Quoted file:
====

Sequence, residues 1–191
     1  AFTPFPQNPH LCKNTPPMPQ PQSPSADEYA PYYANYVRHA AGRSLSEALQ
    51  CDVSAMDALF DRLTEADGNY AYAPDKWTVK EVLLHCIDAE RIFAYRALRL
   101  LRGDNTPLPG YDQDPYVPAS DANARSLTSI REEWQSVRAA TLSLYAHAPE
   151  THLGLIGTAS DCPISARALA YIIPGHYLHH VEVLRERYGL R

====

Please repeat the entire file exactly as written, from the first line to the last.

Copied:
Sequence, residues 1–191
     1  AFTPFPQNPH LCKNTPPMPQ PQSPSADEYA PYYANYVRHA AGRSLSEALQ
    51  CDVSAMDALF DRLTEADGNY AYAPDKWTVK EVLLHCIDAE RIFAYRALRL
   101  LRGDNTPLPG YDQDPYVPAS DANARSLTSI REEWQSVRAA TLSLYAHAPE
   151  THLGLIGTAS DCPISARALA YIIPGHYLHH VEVLRERYGL R